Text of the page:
State securities regulators are opposing the Securities and Exchange Commission’s proposal to expand the definition of an accredited investor, saying the new definition would fail to adequately protect individual investors.
In a 15-page comment letter to the SEC, Christopher Gerold, president of the North American Securities Administrators Association, who also heads the New Jersey Bureau of Securities, wrote that the proposal shows “little regard for its potential adverse effects on retail investors and the public markets. The Commission should not move forward with the proposal as currently presented.”
The SEC proposal expands the number of people and organizations who qualify as accredited investors, allowing them access to private securities offerings, hedge funds and private equity funds by creating new categories of qualifying individuals and entities based on what the SEC calls their “requisite ability to assess an investment opportunity.”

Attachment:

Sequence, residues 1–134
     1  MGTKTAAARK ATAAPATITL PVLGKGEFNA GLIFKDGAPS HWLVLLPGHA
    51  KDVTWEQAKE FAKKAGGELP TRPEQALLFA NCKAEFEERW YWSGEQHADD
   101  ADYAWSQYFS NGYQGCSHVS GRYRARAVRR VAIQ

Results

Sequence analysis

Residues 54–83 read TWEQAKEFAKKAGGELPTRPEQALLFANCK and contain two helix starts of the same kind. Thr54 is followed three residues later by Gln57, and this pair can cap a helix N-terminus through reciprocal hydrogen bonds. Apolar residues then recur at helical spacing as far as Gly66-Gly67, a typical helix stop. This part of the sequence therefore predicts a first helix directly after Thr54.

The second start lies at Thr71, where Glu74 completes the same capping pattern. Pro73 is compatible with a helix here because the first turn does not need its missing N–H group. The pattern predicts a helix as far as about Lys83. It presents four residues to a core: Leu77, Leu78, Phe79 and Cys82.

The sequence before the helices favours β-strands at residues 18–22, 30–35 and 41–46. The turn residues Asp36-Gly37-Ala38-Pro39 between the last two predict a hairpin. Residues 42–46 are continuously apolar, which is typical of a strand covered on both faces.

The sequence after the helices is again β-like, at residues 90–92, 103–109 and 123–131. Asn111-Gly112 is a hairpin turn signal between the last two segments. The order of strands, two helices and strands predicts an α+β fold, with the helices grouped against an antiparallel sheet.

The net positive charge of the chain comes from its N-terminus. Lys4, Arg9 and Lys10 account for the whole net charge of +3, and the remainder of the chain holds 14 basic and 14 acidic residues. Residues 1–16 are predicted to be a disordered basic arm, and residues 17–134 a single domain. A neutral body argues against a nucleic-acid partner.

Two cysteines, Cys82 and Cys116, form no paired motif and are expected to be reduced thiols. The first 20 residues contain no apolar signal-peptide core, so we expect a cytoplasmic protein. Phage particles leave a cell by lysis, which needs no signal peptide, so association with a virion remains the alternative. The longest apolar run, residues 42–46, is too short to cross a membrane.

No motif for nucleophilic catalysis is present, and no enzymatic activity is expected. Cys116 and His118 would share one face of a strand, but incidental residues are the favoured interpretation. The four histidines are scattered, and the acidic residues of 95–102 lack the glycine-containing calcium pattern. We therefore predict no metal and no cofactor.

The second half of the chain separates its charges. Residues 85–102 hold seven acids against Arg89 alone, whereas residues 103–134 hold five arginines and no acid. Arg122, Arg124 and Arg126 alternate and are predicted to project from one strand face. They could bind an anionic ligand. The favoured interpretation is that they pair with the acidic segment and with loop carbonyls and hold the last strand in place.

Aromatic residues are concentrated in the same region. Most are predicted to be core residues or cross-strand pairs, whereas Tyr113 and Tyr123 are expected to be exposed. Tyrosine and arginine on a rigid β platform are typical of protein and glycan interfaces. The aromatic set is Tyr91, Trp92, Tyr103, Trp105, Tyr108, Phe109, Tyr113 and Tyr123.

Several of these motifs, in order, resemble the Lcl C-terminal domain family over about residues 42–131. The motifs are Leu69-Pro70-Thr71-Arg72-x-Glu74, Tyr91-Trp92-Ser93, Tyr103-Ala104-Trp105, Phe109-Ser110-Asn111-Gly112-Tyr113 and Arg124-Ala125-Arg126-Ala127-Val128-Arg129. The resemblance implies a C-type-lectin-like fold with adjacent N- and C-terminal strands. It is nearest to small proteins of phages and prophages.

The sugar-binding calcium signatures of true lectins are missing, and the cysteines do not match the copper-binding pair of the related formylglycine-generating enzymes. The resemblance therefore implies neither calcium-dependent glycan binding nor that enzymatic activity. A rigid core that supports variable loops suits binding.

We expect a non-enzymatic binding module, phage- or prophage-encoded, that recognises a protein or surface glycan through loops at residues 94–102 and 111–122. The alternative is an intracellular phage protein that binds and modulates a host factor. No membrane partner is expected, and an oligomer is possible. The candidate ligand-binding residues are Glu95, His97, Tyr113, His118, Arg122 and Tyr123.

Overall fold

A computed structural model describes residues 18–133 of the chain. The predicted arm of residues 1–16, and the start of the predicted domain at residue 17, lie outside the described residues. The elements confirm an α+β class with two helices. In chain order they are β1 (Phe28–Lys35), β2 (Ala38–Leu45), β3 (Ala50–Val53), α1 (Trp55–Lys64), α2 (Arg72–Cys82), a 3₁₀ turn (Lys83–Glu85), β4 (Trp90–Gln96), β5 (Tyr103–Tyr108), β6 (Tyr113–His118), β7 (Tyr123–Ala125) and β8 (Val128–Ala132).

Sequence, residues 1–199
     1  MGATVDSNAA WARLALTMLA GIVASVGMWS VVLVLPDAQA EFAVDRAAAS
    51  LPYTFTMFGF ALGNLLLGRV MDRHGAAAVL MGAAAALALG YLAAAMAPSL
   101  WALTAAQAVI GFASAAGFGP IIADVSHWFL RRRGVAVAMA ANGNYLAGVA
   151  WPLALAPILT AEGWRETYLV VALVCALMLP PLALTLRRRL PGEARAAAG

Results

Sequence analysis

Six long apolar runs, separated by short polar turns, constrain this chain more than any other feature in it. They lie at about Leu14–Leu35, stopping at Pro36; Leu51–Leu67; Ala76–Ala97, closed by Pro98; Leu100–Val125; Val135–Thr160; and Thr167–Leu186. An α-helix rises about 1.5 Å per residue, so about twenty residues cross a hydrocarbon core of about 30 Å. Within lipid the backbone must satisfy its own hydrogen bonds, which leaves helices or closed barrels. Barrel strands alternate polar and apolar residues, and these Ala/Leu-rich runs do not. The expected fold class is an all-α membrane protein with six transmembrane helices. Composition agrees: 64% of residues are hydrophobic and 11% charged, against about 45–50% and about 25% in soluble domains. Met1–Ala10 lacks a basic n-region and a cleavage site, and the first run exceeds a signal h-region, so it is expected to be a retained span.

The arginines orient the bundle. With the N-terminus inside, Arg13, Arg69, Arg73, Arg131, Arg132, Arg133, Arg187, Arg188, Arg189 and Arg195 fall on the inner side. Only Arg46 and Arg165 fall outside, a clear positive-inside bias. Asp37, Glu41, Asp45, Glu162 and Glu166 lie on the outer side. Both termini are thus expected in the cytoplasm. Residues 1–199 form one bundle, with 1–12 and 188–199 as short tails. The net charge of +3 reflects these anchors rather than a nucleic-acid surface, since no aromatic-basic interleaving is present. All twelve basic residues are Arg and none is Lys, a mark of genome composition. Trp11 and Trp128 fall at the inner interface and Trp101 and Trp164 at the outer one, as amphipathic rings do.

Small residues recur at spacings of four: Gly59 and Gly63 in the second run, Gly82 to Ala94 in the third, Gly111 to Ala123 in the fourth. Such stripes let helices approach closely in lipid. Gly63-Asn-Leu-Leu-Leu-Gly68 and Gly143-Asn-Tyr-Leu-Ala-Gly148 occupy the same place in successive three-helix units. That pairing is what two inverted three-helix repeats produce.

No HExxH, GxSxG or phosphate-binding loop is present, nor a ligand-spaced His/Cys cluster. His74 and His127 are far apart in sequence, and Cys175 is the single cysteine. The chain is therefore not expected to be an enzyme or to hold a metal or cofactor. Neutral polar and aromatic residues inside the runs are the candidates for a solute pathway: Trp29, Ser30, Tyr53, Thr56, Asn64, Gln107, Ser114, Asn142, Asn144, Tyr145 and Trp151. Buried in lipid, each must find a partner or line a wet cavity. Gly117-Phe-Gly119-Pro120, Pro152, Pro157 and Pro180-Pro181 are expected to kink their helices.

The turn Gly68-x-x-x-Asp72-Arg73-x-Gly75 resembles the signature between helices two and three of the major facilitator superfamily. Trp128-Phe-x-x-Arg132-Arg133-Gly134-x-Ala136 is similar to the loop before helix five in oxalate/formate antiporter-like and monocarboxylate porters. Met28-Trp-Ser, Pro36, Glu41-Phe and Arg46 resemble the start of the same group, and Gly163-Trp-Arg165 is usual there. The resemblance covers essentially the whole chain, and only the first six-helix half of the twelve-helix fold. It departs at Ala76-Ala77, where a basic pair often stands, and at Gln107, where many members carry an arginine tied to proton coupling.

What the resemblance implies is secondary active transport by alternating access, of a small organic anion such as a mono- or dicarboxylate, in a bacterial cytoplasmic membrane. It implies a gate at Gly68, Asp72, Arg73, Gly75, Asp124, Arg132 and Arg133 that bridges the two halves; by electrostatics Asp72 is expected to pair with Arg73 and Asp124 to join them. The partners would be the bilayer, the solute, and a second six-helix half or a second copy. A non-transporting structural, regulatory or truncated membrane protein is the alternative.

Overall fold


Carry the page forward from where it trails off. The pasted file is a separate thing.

Those individuals include licensed general securities representatives (with a Series 7 license); licensed investment adviser representatives (Series 65); licensed private securities offerings representatives (Series 82); and knowledgeable employees of private funds, such as hedge funds, venture capital funds and private equity funds, even when they do not meet the income or net worth standards in the accredited investor definition.